Vache, 349 Md. at 538-39 (internal citations omitted) (quoting Wiley Mfg. Co. v. Wilson, 280 Md. 200, 208, 215 (1977)).

The hallmark case with respect to the proximity exception is Wiley Mfg. Co. v. Wilson, supra, where the Court of Appeals of Maryland distinguished past case law and applied the exception to the case at bar.  The two Claimants in the case had been injured on a railroad track while taking a “shortcut” from their place of employment to a parking lot after “punching out” for the day.  The railroad tracks where the injury occurred was not part of the employer’s property.

The Court first explained that the Going & Coming Rule tentatively applied because the employees were off-the-clock and on their way home.  However, the Court further opined that operation of the Rule was barred because the two prongs of the proximity exception were satisfied.  In short, the two employees incurred compensable injuries because the railroad constituted a special hazard that was in close proximity to the place of employment, particularly because it was known by the employer that employees “traveled the same route regularly and customarily” for years (i.e. the “shortcut” was sufficiently associated with the access route to and from the employer’s premises).

In contrast to Wiley is the 1997 decision of Board of County Com’rs for Frederick County v. Vache, supra.  In Vache, the Court of Appeals of Maryland held that the proximity exception was inapplicable and, as such, compensation was prohibited pursuant to the Going & Coming Rule.  Specifically, the Claimant was injured after slipping on ice on a public sidewalk while walking to her place of employment from a private parking lot.  The Court opined:

Slippery ice and snow were present everywhere in that region on that day.  The public at large, including [the Claimant], was exposed to those conditions . . . . Further, [the Claimant] presented no evidence at either the Commission hearing or trial that the sidewalk was peculiarly or to an abnormal degree more dangerous to Frederick County employees . . . than to anyone else in the general public.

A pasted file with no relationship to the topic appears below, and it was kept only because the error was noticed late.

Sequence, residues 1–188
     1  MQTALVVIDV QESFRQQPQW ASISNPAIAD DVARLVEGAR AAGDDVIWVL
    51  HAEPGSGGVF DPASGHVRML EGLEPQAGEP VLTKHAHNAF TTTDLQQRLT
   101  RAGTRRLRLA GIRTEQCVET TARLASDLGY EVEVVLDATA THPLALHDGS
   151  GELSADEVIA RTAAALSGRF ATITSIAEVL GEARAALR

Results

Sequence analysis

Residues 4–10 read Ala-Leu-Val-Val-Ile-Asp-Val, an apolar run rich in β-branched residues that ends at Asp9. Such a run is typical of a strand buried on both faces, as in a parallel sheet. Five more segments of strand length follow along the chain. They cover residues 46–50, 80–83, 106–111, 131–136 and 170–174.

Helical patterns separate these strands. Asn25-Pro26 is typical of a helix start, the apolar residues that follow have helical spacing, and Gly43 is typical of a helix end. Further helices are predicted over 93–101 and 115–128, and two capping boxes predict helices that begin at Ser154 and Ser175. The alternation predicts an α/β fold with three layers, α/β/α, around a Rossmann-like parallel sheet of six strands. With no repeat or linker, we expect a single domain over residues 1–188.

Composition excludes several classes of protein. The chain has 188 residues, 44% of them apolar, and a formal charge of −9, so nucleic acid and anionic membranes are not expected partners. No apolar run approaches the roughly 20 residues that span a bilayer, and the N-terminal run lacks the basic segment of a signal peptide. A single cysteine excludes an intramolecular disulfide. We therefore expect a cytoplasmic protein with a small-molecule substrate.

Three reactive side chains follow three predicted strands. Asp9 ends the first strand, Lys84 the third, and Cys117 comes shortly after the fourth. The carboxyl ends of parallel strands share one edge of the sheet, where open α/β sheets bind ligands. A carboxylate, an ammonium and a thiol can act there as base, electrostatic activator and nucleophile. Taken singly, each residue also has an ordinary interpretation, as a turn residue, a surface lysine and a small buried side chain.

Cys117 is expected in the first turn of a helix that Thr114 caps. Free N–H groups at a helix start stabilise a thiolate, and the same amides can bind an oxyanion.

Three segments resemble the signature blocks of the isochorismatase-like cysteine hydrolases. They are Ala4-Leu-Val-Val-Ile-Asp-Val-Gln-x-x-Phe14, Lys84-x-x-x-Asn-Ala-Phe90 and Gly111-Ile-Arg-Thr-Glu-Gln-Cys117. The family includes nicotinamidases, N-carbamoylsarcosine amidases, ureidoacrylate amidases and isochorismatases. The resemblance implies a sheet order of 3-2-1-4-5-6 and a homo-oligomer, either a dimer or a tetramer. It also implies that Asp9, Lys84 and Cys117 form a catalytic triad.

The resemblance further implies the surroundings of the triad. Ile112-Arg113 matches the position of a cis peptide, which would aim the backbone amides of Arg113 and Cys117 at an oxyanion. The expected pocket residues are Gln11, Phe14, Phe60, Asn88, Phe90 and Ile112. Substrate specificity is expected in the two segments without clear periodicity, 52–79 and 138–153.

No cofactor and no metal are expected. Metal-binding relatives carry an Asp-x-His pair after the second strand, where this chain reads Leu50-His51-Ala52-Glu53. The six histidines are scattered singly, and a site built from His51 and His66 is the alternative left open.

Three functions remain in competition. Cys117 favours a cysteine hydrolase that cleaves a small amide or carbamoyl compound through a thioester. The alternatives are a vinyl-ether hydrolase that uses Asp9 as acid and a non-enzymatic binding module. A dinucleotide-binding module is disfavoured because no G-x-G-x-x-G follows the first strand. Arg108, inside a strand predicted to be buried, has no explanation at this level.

Additionally, [unlike Wiley,] there was no indication that the employer directed or even knew that appellee or other employees parked in the [particular] lot . . . . Accordingly, although the conditions on the . . . sidewalk were hazardous, we do not believe those conditions were a special hazard as contemplated by the proximity exception.

We hold that adverse weather conditions present throughout an area generally do not constitute a special hazard because the conditions created by adverse weather are not a special peril to which employees walking on public sidewalks are peculiarly or abnormally exposed . . . . Therefore, because the icy sidewalk was not a special hazard, the proximity exception does not apply under the facts of this case.

Vache, 349 Md. at 539-540.  See also Pariser Bakery v. Koontz, 239 Md. 586 (1965) (holding that the proximity exception did not apply where an employee was struck by an out-of-control car on a public sidewalk outside of his place of employment); Salomon v. Springfield State Hospital, 250 Md. 150, 154 (1967) (“We have held in the past that traveling upon and crossing busy streets and highways, while it does entail some degree of danger, does not subject an employee traveling to and from work, to a greater degree of danger than he would be exposed to as a member of the general public.”).